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Adam from ihaveuc

My name’s Adam and I have UC.  But that’s alright, UC is a disease that can be beaten, and life for sure can go on after your diagnosis.

I started back in January of 2010 with the hopes of connecting with other UC’ers.  If you are new to the website or my e-Books, you’ll learn very quickly why I’m a firm believer that interacting with others is crucial to beating this disease.  Many people that I meet believe their lives are over with a UC diagnosis, far too many people.  They think their lives are doomed to “being sick forever”.  That’s just not true, life for sure goes on, and the painful symptoms can go away no matter how young or old you are.

So what about my colitis?

Actually, I’m more or less the common story.  Probably just like you.  Before I was diagnosed, I went for months and years struggling with undiagnosed symptoms.  Then of course the bleeding came along, and I still didn’t tell anyone.  When things got really bad, I eventually got a colonoscopy and received the news: “Ulcerative Colitis”.  From there, I started all sorts of medications, and unfortunately I had very limited success.  Eventually I had to deeply consider surgery because none of the medications were working well.

Luckily, with a little help from another UC patient, I was able to take control of my colitis with some diet changes(I talk about this in several posts on the site and in full detail in my ebooks).  I always thought diet must have something to do with my colitis, but all my doctors disagreed.  Well…the rest is history.  The overwhelming majority of my post-diagnosis days have been medication free and I never ended up having surgery.

So THANK YOU for visiting!

There is all sorts of things you can do here to help out with you colitis.  It has taken me thousands of hours to put it all together over the years, but it has been well worth it.  There is a ton of super valuable information here, written by and for people who have ulcerative colitis.  People have let me know over and over again that the website is the most comprehensive ulcerative colitis site ever, and that’s a huge compliment indeed.  I hope you feel the same as well once you really get into it.  That’s the whole goal.  UC definitely doesn’t need to be some big scary disaster that never ends.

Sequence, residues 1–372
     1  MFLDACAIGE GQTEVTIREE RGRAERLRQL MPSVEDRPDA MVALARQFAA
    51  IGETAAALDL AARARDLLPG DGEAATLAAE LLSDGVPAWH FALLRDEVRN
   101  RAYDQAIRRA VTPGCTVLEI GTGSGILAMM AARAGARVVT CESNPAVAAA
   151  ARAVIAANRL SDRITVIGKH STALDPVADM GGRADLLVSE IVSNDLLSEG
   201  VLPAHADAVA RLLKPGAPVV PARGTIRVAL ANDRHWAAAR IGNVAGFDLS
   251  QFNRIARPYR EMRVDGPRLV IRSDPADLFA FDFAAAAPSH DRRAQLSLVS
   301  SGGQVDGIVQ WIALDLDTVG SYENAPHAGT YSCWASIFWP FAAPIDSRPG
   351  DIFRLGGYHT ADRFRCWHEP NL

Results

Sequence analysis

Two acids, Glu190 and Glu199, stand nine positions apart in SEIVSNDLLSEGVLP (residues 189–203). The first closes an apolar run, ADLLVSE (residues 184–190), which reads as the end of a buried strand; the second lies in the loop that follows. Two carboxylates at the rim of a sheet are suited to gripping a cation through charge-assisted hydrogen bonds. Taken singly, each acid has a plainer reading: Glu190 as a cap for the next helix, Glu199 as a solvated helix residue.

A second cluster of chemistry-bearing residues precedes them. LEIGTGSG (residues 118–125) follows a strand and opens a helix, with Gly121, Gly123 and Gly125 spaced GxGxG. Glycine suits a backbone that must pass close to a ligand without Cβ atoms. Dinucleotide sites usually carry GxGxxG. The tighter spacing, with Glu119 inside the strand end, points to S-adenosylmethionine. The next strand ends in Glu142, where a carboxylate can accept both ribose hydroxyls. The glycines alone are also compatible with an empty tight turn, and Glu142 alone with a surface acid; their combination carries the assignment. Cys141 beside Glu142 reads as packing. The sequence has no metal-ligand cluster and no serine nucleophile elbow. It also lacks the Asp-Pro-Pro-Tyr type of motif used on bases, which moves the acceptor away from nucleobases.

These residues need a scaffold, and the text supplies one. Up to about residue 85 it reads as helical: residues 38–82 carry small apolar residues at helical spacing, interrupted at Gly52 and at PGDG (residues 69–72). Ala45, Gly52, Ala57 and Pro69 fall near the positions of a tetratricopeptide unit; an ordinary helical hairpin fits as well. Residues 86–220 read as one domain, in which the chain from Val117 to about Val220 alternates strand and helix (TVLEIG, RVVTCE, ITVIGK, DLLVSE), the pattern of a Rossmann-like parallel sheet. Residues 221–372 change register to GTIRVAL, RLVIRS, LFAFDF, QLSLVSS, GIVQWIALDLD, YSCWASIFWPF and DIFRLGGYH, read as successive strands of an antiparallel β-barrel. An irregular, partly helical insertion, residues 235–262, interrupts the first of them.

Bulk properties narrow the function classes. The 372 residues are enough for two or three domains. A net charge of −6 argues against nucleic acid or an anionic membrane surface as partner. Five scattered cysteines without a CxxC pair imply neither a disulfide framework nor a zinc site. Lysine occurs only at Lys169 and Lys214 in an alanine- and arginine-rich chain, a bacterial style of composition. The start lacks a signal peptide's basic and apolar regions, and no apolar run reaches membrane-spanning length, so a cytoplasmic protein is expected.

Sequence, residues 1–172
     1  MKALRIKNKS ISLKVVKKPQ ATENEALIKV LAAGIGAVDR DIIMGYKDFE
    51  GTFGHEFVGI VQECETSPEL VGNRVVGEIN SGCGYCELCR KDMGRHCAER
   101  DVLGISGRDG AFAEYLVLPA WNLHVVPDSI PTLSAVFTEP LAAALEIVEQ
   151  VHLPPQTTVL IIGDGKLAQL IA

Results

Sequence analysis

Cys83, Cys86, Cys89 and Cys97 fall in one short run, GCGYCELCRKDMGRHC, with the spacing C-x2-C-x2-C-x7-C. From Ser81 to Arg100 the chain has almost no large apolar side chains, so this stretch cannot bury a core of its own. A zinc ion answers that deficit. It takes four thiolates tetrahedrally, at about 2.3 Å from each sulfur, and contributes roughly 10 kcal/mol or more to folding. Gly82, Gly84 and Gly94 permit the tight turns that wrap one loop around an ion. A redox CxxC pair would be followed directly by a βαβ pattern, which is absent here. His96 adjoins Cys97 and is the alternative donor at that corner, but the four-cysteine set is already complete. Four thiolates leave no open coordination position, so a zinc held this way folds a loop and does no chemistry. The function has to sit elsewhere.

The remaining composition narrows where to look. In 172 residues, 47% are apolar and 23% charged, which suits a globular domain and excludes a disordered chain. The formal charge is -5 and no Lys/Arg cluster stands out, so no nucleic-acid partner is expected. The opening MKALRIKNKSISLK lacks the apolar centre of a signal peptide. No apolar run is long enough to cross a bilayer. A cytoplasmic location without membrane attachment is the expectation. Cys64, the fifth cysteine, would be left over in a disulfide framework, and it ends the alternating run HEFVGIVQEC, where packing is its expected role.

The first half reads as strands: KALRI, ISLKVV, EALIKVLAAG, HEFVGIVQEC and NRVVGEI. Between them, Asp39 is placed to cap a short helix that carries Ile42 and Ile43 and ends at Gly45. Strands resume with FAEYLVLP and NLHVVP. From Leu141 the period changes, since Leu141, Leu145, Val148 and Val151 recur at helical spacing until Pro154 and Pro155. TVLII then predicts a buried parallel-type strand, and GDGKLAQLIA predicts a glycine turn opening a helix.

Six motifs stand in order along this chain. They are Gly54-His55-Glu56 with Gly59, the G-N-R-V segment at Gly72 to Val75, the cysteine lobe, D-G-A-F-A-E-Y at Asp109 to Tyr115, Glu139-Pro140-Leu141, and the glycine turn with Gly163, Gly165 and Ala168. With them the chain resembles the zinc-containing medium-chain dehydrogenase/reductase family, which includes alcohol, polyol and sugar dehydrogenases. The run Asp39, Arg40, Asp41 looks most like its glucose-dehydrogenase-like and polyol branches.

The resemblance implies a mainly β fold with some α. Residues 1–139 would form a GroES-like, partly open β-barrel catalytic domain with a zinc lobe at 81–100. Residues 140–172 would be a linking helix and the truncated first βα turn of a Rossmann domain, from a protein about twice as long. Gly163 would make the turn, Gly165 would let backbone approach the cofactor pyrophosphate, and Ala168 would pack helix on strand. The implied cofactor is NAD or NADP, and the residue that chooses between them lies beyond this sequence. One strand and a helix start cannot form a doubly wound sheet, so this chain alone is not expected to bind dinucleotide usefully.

Things You’ll Want to Do Next:

  1. Join the website’s newsletter.  Takes about 2 seconds – click here
  2. Videos. Do you like them? OK, I do too.  Watch my videos – click here
  3. Read.  I’ve written over 200 posts on various UC topics.  They are ALL FREE – click here
  4. READ MORE.  1600 other stories from other UC’ers who have contributed over the years – click here
  5. My eBooks.  Read em! (They are well worth your time & investment)click here

Thank you again for being a part of the website, I hope you enjoy iHaveUC.  Most importantly, especially for those of you who are suffering from out of control UC symptoms right now.  You have to realize one thing:  UC symptoms can be awful, horrible, the worst thing in the world.  That is for sure.  BUT, active symptoms don’t last forever, and we all have options.  So keep your head up.  Life does get back to normal and happy days are not far away.

Warm regards and healthy days ahead,

Adam Scheuer

25 Responses to About

  1. Paula November 28, 2012 at 9:27 pm #

    Hi Adam or Any Fellow UC family,
    My 14 year old son was diagnosed with UC 0 July 2012. Was hospitalized for 2 months, has had 4 infusions of remicade and unfortunately there was no great improvement. He has had c-diff twice in the past 4 months. He is up for another dose of remicade and the GI says it now has to be every 4 weeks. We have until Friday to decide if we are moving forward with it. Right now he is on full TPN, full bowel rest and the bleeding is very mild. He does get low grade fevers though. How was your experience to get off the Remicade? PLease help. We are giving him Slippery Elm bark 3 x a day, Probiotics, and Turmeric. Can there be life without the Remicade??

    • Adam
      Adam November 28, 2012 at 10:19 pm #

      Hey Paula,

      I’m sorry your young son is in the middle of getting diagnosed and getting back to a state of normal. Unfortunately, everyone’s got to go through that period, and he will as well.

      As for your question with regards to Remicade, I initially responded very well to the first infusion with noticable improvement in less than 2 days, however towards that and right before the second infusion, things started to fall off and symptoms returned for me, and the 2nd and 3rd infusion were of little/no benefit, so we decided to stop.

      I’d recommend that you read the Remicade survey results from many other UC’ers. We conducted that survey several months ago, and it may help you out with your research and decision making. Here is the link to that:

      As for can there be life without Remicade, most certainly there can be. I think I’m proof of that along with thousands of others, so keep your spirits and head up. The tuff times will pass as they always do.


      • Vishal December 8, 2012 at 2:30 am #

        Hi Adam ,

        This is Vishal ,
        My wife was diagnosed with ulcerative pan colitis last year , she was on sterioids for 3 months & now she is taking Sezo 500.
        She is feeling ok now.

        We are pure vegetarian from india , so can you help me with the VEG SCD Diet chart,


        • Adam
          Adam December 8, 2012 at 2:35 am #

          Hey Vishal,

          What you might want to do is take a look at this website link, there is a list of legal and illegal SCD foods listed and nearly everything you can imagine is shown. You should get some ideas on veggies that work well and others that are more difficult. here’s the link:


          • Erin Lopez-Cadena,PhD January 22, 2015 at 1:07 am #

            Thank you for this information. My husband had his first horrible flare up this past Saturday. It was so severe I had to call 911. He was in so much pain. The books and websites you are sharing are awesome. Thank you! I need all the information I can get to help my husband.

  2. Mike from Ohio